The Medical Protection Society (MPS) found that 10 per cent of GPs and over 20 per cent of hospital consultants have had to respond to media enquiries about their patients.
The MPS has developed guidance after the survey of over 600 doctors found that many experienced stress and confusion when dealing with journalists.
Sixty per cent of doctors rated media coverage about healthcare professionals as negative or very negative.
Most doctors - 85 per cent - were aware that patients do not forfeit their right to confidentiality even when they or their families have chosen to release information to the press.
GPC deputy chairman Dr Richard Vautrey admitted he was unaware of the frequency of the media calls about patients, and urged GPs to put patient confidentiality first.
'Clearly even when the patient initiates a conversation with the press, the doctor must not endanger their trust.'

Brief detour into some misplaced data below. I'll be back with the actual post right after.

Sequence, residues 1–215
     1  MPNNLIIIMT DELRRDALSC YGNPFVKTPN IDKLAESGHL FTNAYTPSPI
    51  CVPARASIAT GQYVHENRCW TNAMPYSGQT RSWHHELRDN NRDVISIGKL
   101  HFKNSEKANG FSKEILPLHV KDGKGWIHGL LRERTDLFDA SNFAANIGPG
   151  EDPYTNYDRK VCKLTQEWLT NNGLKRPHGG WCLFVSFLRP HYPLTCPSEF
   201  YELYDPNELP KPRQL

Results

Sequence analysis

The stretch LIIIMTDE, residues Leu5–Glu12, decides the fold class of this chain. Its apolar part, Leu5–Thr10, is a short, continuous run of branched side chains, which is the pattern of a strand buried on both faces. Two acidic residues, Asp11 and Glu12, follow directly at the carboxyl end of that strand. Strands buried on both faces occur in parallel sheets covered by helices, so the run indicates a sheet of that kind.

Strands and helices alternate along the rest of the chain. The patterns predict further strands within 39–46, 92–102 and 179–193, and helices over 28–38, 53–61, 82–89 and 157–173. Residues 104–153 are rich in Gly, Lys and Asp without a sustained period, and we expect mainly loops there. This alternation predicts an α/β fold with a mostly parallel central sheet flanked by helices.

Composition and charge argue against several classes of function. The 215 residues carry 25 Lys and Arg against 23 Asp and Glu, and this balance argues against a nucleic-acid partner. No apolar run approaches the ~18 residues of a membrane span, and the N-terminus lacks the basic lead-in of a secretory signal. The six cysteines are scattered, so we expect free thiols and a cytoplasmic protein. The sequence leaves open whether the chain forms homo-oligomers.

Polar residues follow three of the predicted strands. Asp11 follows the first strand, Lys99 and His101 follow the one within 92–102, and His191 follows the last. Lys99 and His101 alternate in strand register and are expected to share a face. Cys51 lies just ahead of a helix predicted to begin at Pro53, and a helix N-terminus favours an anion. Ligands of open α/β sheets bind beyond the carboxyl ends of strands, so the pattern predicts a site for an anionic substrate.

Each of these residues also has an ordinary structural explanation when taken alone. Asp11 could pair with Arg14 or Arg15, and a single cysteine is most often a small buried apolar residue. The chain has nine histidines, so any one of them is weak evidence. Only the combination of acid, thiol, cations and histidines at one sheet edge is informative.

The MPS guidance explains how to speak to a journalist about a patient and discusses airing views to the media carefully. Advice is also offered on what GPs can do should they be represented unfairly in the press.
The MPS document comes as the GMC invites GPs to give their views on speaking to the press as part of its consultation on patient confidentiality guidance.
Stephanie Bown, director of policy and communications at the MPS, said it can be extremely stressful for doctors who become the focus of media attention.
'In 2007, MPS dealt with over 80 press calls in the UK alone that related to a doctor's treatment of a patient,' she added.
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